What are we on, day 70 billion of quarantine?
It’s late, I’ve had a Shiner and it’s time for quarantine Kathryn to share a few thoughts.
I think, by now, many of us have felt all the feelings: disbelief, exhaustion, frustration, some semblance of peace, disillusionment, joy, and everything in between.
When all this first started hitting the states, my initial reaction was a big ‘ol eye roll and a “I think everyone is overreacting.” Fast forward four weeks and, um, yeah. My viewpoint has changed. More information, more level heads, more recognition of reality.
This isn’t the post where I tell you all the facts I know about coronavirus (not a doctor) or what churches should be doing (not a church leader) or how and when businesses should reopen (not a civil authority). Rather, I’m choosing to share how it’s affecting me, as a Jesus-loving mom of six who’s now a professional shut-in, as Jim Gaffigan would say.
Let’s first address the elephants in the room. Distance learning is brutal, whether you have a pulse on what your kids are learning or not, it ain’t no picnic. That could be a whole blog post but we aren’t going there today (that’s what Instagram is for). Grocery shopping, or any kind of essential shopping, is stressful. And the social distancing is isolating even if you are living with seven other humans, but certainly if the numbers in your home are smaller than ours. We can all admit we simply miss hugging our friends or skipping out to grab a lunch or a Dr Pepper with someone we love.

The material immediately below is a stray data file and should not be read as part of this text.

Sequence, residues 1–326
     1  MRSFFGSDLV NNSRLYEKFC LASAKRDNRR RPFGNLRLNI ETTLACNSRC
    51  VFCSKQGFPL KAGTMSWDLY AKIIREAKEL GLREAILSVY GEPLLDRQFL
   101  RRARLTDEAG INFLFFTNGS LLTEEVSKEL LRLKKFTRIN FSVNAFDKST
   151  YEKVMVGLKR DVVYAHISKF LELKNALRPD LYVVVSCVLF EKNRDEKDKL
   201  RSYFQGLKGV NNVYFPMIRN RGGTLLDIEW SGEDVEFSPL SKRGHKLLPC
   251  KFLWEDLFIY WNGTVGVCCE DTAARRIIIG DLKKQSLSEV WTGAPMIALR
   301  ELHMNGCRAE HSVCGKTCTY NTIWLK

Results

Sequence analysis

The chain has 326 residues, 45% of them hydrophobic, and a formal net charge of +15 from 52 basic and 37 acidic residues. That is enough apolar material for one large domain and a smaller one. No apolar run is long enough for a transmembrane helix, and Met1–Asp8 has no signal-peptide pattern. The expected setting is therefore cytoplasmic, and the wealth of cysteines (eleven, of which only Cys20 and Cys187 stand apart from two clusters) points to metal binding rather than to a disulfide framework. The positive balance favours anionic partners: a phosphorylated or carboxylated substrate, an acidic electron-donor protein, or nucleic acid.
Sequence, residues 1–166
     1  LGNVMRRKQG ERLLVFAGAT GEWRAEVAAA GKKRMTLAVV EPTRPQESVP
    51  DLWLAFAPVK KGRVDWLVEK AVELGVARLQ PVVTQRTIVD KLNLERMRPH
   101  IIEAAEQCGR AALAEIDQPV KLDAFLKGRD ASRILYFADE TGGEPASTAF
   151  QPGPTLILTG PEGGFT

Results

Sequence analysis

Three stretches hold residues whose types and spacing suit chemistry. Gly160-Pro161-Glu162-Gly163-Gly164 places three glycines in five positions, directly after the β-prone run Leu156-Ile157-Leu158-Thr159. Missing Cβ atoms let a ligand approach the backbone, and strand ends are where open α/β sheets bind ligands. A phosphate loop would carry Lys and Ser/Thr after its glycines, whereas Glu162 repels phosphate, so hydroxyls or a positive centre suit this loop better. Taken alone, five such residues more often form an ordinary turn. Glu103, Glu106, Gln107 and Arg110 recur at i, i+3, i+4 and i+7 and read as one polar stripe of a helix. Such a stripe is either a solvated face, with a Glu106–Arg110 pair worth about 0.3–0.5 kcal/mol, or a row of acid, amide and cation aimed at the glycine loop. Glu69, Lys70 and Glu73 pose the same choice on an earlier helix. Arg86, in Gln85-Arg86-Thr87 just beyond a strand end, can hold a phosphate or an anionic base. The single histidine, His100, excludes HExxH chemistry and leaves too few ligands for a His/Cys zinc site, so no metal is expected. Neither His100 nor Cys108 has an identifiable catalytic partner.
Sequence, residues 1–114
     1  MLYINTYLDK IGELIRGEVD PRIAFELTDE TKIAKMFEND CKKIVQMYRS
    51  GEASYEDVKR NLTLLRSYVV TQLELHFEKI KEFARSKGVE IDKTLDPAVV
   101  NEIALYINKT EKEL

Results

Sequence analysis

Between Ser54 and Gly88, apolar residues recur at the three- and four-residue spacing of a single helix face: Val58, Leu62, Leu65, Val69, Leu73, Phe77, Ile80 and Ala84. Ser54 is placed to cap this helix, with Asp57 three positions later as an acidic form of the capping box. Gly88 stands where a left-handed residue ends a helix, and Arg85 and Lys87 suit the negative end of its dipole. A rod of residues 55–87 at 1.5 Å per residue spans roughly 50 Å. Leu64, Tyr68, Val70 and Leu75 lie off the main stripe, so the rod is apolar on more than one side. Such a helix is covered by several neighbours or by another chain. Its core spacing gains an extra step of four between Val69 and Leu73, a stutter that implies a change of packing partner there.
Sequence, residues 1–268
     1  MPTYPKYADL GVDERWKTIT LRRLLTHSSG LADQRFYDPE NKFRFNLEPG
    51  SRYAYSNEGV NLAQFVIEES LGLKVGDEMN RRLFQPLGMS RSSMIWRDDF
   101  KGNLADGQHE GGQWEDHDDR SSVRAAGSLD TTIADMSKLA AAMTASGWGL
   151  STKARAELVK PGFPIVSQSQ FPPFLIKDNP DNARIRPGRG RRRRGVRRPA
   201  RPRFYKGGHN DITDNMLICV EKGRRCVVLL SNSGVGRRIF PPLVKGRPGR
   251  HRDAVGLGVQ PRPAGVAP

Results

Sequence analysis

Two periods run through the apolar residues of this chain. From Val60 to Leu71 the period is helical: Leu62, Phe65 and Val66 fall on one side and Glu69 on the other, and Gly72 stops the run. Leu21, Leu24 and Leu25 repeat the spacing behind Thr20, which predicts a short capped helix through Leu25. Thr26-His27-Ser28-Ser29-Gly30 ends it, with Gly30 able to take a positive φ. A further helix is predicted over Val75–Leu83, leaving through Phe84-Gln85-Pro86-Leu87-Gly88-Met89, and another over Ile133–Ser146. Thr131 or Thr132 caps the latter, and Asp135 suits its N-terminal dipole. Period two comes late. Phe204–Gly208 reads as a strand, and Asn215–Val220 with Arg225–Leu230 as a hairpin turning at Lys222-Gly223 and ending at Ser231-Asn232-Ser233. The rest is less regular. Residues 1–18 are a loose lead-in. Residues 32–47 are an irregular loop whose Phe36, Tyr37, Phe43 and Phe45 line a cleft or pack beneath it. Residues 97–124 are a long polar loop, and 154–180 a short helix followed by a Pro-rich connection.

But there’s one phrase I keep hearing (and I know it will echo as soon as the stay-in-place orders begin to lift): “So, what are you doing during quarantine?” As if this is some ultra-intense reality show where the person who accomplishes the most wins a lifetime supply of toilet paper and hand sanitizer.
My social feeds, as life-giving as they have been, sometimes depict the notion that we can “quarantine well.” Can I call bullshit on that? I mean, yes, we have painted things, organized things, cleaned things, Kon Maried things and spiritually blessed things. And yes, we are getting the kind of time as a family I never dreamed of having. We are making memories and racking up inside jokes and binge watching Netflix like it’s our job. But nobody is walking through this pandemic living their best life. Nobody. Are there silver linings and bright spots? Dang straight. (And we’ll get to those in a second).